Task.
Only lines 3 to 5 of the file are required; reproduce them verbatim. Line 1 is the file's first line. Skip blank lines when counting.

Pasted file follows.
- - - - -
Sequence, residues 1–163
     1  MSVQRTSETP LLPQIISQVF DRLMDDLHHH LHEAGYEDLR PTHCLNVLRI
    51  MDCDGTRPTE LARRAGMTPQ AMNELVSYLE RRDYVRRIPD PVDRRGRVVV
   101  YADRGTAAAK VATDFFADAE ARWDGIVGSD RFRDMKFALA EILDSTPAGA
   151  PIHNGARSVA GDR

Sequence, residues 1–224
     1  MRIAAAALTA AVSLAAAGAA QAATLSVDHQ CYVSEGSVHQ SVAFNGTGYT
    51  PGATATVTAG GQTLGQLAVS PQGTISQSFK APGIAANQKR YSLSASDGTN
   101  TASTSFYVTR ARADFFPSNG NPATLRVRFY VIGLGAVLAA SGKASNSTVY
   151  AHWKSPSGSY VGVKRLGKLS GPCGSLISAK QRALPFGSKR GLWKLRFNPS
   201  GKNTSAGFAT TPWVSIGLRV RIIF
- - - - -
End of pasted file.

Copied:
    51  MDCDGTRPTE LARRAGMTPQ AMNELVSYLE RRDYVRRIPD PVDRRGRVVV
   101  YADRGTAAAK VATDFFADAE ARWDGIVGSD RFRDMKFALA EILDSTPAGA
   151  PIHNGARSVA GDR